A promotional catalog for a forthcoming auction in Beijing of Chinese paintings and works of art brings further evidence of what I think of as Cahill’s Great Miscalculations. I was showing one painting in it to my helper and telling her about my engagement with the artist and his move into a new manner of painting, and she laughed and said “That’s a good story.” So here it is, even though it repeats things I’ve written before. It’s about--you guessed it--Zhang Daqian. I had written an essay for the catalog for his big 1963 exhibition in New York, an essay he liked and often reprinted--and he gave me and my then-wife each a painting, of kinds we requested, in lieu of payment. Then came the time, in the later 1960s, when he moved into a new manner of painting that began with large splashes of ink and heavy blue and green pigment onto the paper; to this he would add a minimum of fine drawing to turn the splashes into a kind of picture. (In the work reproduced in the auction volume, done in 1967, it was a big ink-and-colors splash with a few simply-drawn buildings at the top and some drawing below that turned the bottom of the splash into cliffs.) Zhang sent his son to ask me whether I would write another essay for the catalog of an exhibition of these new paintings of his. And I was faced with an ethical dilemma: I knew that this new manner, or style, was largely a response to his heavy loss of vision--he had glaucoma--which made fine drawing difficult for him, so that he turned to a style that required much less of it. And I didn’t feel I could honestly write the essay without mentioning that; and since that would harm his reputation by revealing the real motivation behind this move into the new style, which I didn’t want to do, I declined as politely as I could.  Zhang was disappointed, and I was sorry about that, too; but I kept my integrity. Now I see one of these paintings--not even one of the best--coming up for auction, and the estimated price is:  RMB 18.000.000 to 21,000,000, or two-to-three million dollars. So: I could have had several of them, and if I had kept them, I would be a multi-millionaire. But instead I kept my integrity. A very contemporary choice: so many of our multi-millionaires have got that way by sacrificing their integrity, buying and closing out companies with great losses of jobs, exploiting anomalies in the housing market and leaving people homeless, selling bad investments to naïve small investors, and the like. Would I rather have my integrity than a few million dollars? Not a real choice, today, and I’m glad I’m not faced with it--I might very well go the wrong way.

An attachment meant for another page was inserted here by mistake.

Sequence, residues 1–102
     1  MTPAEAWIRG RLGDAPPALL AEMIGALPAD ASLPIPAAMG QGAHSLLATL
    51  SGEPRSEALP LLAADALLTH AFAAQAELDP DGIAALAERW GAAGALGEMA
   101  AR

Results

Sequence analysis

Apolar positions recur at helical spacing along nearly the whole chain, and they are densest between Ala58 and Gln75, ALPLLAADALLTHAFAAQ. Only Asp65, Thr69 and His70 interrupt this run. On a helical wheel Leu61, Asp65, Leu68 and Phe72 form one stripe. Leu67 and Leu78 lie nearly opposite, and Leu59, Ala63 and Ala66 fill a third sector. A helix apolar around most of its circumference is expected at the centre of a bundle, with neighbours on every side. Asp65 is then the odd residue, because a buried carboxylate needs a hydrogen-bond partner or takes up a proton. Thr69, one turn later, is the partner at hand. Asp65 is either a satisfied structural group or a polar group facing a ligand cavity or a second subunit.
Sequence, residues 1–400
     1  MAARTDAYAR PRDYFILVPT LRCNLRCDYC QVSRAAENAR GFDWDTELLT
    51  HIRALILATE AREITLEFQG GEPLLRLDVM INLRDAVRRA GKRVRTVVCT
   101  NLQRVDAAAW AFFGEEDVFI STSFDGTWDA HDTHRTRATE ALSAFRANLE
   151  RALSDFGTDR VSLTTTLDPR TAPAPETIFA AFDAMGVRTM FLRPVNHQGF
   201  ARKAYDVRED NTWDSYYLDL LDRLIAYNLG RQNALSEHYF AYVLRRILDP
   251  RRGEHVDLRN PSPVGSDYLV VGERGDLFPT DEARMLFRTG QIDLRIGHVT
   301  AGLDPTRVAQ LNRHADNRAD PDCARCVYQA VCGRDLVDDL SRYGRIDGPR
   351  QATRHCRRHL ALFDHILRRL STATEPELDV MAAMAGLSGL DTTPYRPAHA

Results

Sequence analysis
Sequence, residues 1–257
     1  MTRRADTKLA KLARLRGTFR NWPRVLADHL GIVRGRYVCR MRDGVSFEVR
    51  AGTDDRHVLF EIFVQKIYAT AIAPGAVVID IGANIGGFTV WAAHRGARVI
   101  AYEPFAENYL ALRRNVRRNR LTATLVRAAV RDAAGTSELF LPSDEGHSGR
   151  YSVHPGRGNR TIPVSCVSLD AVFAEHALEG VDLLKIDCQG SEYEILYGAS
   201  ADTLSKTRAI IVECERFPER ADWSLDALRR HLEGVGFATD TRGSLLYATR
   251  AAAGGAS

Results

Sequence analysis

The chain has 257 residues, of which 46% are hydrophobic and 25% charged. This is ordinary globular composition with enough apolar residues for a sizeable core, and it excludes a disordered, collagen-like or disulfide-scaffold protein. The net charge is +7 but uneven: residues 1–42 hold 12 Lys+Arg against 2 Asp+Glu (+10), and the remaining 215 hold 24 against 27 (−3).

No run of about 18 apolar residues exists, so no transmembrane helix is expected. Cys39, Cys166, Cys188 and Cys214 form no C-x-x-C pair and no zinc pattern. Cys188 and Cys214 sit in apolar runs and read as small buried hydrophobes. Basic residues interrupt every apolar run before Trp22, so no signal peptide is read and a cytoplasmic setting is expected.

James Cahill, October 12th, 2012